Brain Topography

, Volume 24, Issue 1, pp 30–39 | Cite as

Scalp-Recorded Induced Gamma-Band Responses to Auditory Stimulation and Its Correlations with Saccadic Muscle-Activity

Original Paper

Abstract

We previously showed that the transient broadband induced gamma-band response in EEG (iGBRtb) appearing around 200–300 ms following a visual stimulus reflects the contraction of extra-ocular muscles involved in the execution of saccades, rather than neural oscillations. Several previous studies reported induced gamma-band responses also following auditory stimulation. It is still an open question whether, similarly to visual paradigms, such auditory paradigms are also sensitive to the saccadic confound. In the current study we address this question using simultaneous eye-tracking and EEG recordings during an auditory oddball paradigm. Subjects were instructed to respond to a rare target defined by sound source location, while fixating on a central screen. Results show that, similar to what was found in visual paradigms, saccadic rate displayed typical temporal dynamics including a post-stimulus decrease followed by an increase. This increase was more moderate, had a longer latency, and was less consistent across subjects than was found in the visual case. Crucially, the temporal dynamics of the induced gamma response were similar to those of saccadic-rate modulation. This suggests that the auditory induced gamma-band responses recorded on the scalp may also be affected by saccadic muscle activity.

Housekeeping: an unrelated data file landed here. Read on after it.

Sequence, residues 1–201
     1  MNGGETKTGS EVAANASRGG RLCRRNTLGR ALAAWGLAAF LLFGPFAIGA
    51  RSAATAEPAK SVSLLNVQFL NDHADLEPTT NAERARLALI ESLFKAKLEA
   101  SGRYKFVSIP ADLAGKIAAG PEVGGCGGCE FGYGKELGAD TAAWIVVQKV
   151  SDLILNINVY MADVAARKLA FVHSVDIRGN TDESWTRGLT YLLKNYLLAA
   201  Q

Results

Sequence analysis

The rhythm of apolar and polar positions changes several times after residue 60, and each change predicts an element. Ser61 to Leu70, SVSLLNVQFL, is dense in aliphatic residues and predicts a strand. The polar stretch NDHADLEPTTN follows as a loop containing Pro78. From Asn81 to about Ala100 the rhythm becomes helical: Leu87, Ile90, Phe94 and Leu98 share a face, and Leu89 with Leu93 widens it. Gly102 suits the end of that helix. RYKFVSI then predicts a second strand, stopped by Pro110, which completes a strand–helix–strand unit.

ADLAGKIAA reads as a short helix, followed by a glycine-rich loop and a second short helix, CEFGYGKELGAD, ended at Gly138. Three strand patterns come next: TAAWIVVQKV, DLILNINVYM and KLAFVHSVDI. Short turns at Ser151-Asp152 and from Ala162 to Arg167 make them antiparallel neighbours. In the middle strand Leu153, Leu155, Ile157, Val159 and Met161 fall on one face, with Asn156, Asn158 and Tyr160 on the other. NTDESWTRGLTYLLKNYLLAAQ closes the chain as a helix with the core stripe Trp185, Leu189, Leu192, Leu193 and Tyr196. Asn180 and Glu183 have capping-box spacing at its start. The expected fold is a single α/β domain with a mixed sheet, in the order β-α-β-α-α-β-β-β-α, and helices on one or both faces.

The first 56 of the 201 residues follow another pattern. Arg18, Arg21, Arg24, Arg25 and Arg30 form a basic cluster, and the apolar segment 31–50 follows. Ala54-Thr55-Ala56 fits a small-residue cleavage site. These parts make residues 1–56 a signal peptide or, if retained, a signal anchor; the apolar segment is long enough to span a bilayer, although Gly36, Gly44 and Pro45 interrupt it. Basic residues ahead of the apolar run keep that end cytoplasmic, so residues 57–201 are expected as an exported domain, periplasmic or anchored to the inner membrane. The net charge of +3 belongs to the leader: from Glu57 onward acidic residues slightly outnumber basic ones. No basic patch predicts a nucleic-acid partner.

Keywords

EEG Induced gamma Auditory Human Saccades Microsaccades High frequency Spike potential 

Notes

Acknowledgments

The first author is partially funded by the National Postdoctoral Award Program for Advancing Women in Science (Weizmann Institute of Science) and is grateful for this support. The study was supported by an extended grant from the National Institute of Psychobiology in Israel, founded by the Charles E. Smith family, to L.Y.D. We are indebted to Prof. Avital Deutsch for the use of the eye tracker and for helpful advice, and to Ruth Levy for her invaluable contribution to data collection.

Supplementary material

10548_2010_157_MOESM1_ESM.pdf (2.2 mb)
Supplementary material 1 (PDF 2233 kb)

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Copyright information

© Springer Science+Business Media, LLC 2010

Authors and Affiliations

  1. 1.Department of PsychologyThe Hebrew University of JerusalemJerusalemIsrael
  2. 2.The Interdisciplinary Center for Neural ComputationThe Hebrew University of JerusalemJerusalemIsrael
  3. 3.Department of PsychologyNew York UniversityNew YorkUSA

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